There are many well run Christian orphanages in the world.  One in particular, Casa de Fe in Shell, Ecuador, is close to my heart.  We have supported their work and receive their newsletter, ‘Fingerprints of Faith’.  Patti Sue Arnold is the founder and director.  She started caring for outcast children a few years back, and now the orphanage is home to more than 50 unwanted Ecuadorian children of various ages.  Many have minor birth defects, the reason they were unwanted.  If you have extra funds or time,  contribute in any way you can to this ministry.  Then, consider adopting one of it’s children, or helping another family to do so.

Orphanages are not forever families.  Orphanages, even the best, are simply substitute institutional care for kids who do not have a mom and dad to love and provide for them.  Orphanages should be a transitional safe place, like foster care should be, until permanent placement with a family is arranged.  Sadly, many orphans age out of these institutions because the Christian church is not doing its job of adoption.  The Christian church is seemingly content to support orphanages, but does not want to advance to the next stage of orphancare:  placing these children with Christian families.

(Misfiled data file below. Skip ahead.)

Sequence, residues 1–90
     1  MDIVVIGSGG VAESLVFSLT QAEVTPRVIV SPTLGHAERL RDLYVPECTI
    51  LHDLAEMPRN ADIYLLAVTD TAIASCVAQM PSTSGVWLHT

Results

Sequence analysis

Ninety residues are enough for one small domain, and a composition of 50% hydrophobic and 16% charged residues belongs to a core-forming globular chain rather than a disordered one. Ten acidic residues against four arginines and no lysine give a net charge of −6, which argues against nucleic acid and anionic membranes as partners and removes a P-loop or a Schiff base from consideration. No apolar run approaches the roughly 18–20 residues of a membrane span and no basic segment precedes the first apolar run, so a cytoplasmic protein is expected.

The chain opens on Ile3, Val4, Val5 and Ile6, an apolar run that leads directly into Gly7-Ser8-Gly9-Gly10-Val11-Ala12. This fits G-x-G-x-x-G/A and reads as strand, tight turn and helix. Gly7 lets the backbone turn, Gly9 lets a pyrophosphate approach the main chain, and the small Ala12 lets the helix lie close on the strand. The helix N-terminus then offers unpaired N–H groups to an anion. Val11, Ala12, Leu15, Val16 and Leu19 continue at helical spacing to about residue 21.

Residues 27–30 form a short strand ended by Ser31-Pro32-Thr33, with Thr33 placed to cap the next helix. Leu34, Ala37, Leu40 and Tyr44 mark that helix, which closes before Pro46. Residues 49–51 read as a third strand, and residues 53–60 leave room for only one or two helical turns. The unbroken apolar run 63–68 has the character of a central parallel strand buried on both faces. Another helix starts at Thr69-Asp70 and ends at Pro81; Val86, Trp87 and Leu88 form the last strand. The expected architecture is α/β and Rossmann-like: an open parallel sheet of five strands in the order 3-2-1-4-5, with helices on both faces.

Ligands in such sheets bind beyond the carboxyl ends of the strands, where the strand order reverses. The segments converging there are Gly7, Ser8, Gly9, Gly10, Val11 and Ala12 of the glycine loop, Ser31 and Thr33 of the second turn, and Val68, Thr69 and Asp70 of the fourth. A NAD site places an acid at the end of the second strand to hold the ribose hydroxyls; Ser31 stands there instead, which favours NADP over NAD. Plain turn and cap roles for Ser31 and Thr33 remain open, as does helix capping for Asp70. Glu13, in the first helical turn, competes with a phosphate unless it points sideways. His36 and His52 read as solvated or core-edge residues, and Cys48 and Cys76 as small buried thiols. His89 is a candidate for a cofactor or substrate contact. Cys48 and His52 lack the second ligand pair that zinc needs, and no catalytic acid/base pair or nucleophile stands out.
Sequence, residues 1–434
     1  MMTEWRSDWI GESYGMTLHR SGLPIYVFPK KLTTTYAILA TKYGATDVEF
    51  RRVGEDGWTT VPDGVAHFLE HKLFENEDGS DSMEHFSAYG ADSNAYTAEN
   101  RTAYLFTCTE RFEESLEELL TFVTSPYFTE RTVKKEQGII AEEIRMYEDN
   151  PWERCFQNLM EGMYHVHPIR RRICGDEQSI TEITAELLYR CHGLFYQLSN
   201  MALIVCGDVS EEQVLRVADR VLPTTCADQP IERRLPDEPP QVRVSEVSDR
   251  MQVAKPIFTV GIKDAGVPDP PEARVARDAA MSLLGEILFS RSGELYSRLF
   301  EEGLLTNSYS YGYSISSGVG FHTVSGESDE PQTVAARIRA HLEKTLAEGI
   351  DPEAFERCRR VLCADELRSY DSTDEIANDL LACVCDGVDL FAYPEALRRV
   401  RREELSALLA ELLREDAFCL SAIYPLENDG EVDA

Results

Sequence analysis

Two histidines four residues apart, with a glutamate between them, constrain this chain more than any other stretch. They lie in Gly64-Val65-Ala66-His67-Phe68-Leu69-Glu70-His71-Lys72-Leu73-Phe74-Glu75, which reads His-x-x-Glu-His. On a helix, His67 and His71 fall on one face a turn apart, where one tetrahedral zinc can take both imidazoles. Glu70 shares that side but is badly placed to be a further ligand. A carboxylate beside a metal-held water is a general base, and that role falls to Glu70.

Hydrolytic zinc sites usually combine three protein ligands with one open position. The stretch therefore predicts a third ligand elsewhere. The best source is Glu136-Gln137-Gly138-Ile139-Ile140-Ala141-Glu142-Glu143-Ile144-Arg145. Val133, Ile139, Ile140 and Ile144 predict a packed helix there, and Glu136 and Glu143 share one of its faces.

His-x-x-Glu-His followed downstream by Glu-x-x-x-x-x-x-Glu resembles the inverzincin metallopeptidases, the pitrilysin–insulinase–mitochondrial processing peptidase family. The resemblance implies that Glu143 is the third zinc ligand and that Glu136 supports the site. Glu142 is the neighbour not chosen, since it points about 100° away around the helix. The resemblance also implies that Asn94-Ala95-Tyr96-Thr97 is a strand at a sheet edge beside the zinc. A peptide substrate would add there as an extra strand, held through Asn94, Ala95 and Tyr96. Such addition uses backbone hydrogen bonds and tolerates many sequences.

Why should placement in a Christian home be top priority for orphans, versus the children remaining in a well-run orphanage?  Well,  Christian families are God’s plan for growing His Kingdom.   An institution can never provide what God had in mind for the family, His families.  Dad, happily married in loving life-long covenant to Mom, produce offspring through procreation, or adoption.  Within this marriage, Dad shepherds, disciples, provides for, and protects the family.  Mom is helpmeet to Dad, nurturing and teaching the children.  Through the ups and downs of family life,  parents and children forge lifelong bonds that help transition the children out of the home to marry, produce, and parent the next generation. The cycle is repeated.  If one parent is missing, half of the work and bonding doesn’t get done.  If both parents are missing, nothing gets done.  What happens to the subsequent generations?

We Christian families have an opportunity to change the life of orphans, one or more at a time.  We simply need to begin by helping each other adopt the orphans of our nation and the world.  Whether from an orphanage, or foster care, orphans need a forever father and mother to show them the way to the next successful generation.  And to God be the glory.